Loop Electrosurgical Excision Procedure (LEEP/LLETZ) for CIN

Loop electrosurgical excision procedure (LEEP), also known as large loop excision of the transformation zone (LLETZ), is a procedure for further diagnosis and treatment of cervical intraepithelial neoplasia (CIN). CIN lesion is an abnormal growth in the cervix. The CIN lesion is usually diagnosed during a routine Pap smear (or called Thin Prep) test. LEEP is a very safe way to remove abnormal tissue from the cervix that might otherwise progress to cancer. It minimizes the amount of tissue removed in order to preserve childbearing ability.

Reason for the procedure

• Presence of CIN lesions from the colposcopy evaluation and confirmed via cervical biopsy. Some types of CIN can progress to cervical cancer if not treated. This can be used as a treatment for CIN lesions.
• Unsatisfactory colposcopic evaluation whereby the whole transformation zone cannot be visualized or the cervix appeared abnormal and requires a bigger tissue specimen for a more accurate diagnosis to exclude cancer changes.

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Colposcopy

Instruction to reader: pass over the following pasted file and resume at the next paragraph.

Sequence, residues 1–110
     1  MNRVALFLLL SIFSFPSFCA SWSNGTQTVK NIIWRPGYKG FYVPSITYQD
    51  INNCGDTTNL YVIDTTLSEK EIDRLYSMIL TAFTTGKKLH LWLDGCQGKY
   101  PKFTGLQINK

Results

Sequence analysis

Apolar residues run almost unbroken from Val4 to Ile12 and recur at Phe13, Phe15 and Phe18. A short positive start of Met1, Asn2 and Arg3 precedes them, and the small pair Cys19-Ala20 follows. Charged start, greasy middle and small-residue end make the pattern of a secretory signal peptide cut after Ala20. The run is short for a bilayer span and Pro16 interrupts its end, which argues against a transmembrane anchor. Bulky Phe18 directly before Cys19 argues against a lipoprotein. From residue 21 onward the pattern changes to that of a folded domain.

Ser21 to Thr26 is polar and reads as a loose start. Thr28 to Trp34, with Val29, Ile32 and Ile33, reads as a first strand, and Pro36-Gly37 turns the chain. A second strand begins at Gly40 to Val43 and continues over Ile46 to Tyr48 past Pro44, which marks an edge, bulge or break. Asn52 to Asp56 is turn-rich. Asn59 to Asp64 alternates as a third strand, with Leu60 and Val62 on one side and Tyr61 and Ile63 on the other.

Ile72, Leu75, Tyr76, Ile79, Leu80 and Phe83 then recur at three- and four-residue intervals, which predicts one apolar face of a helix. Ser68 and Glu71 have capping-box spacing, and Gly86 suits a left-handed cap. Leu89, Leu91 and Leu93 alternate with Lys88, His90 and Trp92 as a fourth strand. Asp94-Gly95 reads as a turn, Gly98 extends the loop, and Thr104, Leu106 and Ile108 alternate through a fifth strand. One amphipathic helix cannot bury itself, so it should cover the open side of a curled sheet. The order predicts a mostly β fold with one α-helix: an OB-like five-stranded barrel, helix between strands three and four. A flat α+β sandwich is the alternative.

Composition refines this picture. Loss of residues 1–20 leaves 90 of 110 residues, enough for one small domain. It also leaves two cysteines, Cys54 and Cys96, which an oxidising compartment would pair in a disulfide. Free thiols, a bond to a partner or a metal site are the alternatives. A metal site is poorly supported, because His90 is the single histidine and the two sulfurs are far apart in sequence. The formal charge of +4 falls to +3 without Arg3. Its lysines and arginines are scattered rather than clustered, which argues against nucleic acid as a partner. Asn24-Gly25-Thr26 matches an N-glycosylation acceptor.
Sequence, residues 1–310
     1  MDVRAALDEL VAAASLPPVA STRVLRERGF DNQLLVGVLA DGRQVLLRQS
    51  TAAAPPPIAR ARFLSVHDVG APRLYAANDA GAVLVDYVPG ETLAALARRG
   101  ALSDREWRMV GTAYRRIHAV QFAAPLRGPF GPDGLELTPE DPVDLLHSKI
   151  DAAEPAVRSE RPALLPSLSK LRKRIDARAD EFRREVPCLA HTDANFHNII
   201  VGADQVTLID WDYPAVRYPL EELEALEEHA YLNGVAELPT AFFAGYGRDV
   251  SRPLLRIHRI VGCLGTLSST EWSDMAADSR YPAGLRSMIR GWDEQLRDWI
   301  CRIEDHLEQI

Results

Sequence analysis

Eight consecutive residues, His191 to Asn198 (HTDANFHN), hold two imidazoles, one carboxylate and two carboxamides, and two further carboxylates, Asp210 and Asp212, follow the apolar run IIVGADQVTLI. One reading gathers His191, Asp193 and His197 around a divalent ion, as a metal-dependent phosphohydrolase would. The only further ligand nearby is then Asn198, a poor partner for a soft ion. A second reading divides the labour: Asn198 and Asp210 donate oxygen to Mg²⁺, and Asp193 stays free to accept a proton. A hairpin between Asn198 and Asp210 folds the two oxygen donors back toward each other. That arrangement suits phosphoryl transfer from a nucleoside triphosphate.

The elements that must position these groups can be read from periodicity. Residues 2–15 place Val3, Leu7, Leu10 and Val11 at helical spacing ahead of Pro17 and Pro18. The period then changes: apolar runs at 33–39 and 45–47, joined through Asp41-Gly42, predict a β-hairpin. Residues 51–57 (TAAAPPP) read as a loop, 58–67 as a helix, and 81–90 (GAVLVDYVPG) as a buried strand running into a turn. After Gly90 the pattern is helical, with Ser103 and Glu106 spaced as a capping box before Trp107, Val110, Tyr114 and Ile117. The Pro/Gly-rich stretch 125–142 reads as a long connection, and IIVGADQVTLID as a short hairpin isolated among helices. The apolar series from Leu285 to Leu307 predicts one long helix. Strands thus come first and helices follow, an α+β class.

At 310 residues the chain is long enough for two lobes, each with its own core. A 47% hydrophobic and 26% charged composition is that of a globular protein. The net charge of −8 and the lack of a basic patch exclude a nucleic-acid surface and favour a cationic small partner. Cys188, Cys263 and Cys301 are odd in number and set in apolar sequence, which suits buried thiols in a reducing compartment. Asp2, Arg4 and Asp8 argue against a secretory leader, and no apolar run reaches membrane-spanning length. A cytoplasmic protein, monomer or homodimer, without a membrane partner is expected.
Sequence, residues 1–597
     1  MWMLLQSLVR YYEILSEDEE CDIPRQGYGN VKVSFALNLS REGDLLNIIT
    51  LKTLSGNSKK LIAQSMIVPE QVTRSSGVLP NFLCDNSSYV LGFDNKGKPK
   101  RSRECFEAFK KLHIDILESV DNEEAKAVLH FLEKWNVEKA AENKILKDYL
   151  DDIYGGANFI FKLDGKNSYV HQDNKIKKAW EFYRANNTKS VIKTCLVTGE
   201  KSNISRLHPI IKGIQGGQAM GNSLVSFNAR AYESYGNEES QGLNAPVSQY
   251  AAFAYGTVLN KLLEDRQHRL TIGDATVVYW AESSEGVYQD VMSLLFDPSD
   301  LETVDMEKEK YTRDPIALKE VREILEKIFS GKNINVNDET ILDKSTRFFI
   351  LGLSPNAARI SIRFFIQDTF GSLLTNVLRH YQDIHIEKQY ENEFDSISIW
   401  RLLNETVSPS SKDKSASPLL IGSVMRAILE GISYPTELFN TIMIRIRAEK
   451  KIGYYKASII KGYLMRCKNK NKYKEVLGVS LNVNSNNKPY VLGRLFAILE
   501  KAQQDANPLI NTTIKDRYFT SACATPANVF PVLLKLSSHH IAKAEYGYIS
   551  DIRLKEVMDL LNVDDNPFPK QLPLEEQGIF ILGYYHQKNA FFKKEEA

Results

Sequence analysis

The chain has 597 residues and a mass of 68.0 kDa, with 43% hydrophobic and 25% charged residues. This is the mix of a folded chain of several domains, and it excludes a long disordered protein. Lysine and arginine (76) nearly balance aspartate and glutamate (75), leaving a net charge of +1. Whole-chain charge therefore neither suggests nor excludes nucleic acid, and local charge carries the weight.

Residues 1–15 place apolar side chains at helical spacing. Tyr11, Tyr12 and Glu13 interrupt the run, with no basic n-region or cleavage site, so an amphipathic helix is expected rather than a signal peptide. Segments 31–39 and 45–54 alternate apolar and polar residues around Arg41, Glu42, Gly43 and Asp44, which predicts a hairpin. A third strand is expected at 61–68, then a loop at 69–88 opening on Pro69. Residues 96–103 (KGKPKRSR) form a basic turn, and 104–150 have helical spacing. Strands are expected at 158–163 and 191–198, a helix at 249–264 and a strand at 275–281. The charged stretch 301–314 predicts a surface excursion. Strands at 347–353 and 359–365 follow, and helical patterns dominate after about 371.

This is a microscopic examination of the cervix, vagina, or vulva. It is used to diagnose potential abnormalities of these areas, which sometimes cannot be seen with the naked eyes. The colposcope can magnify the tissue by up to 30 times, thus making it clearer and much more accurate in terms of surface evaluation. Therefore, the biopsy of the abnormal areas performed with a colposcopic examination is more accurate than those done without the use of a colposcope.

Why do I need a colposcopy evaluation?

  • It is usually recommended if you have an abnormal Pap smear (Thin Prep) test or when pre-cancerous lesion is suspected in the vagina or labia area.

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Cervical Intraepithelial Neoplasia (CIN)

Cervical intraepithelial neoplasia (or CIN) refers to the presence of abnormal cells seen on the cervical cytology smear. These abnormal cells are obtained from the lining of the outer cervix and can range from mild to severe changes. A diagnosis of CIN changes is not cancer. However, the severe form of dysplasia can be considered a precancerous condition and may eventually progress to cancer in several years if not treated.

The cervical cytology smear was previously referred to as Pap smear. Currently, the newer cervical cancer screening uses a liquid based cytology and the commonest one used are: Thin Prep or Sure-Path. These are better and more accurate compared to the conventional Pap smear test.

Classification of CIN 

Read moreCervical Intraepithelial Neoplasia (CIN)